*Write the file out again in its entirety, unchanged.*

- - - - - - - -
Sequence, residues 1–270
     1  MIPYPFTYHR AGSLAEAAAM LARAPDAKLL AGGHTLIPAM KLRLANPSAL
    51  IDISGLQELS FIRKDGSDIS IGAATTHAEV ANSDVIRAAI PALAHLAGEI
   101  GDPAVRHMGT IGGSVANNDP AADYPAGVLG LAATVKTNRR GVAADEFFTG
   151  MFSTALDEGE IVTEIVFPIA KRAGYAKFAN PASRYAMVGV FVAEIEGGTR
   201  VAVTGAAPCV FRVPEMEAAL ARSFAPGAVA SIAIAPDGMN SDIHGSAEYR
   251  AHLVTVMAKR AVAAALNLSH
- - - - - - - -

Sequence, residues 1–270
     1  MIPYPFTYHR AGSLAEAAAM LARAPDAKLL AGGHTLIPAM KLRLANPSAL
    51  IDISGLQELS FIRKDGSDIS IGAATTHAEV ANSDVIRAAI PALAHLAGEI
   101  GDPAVRHMGT IGGSVANNDP AADYPAGVLG LAATVKTNRR GVAADEFFTG
   151  MFSTALDEGE IVTEIVFPIA KRAGYAKFAN PASRYAMVGV FVAEIEGGTR
   201  VAVTGAAPCV FRVPEMEAAL ARSFAPGAVA SIAIAPDGMN SDIHGSAEYR
   251  AHLVTVMAKR AVAAALNLSH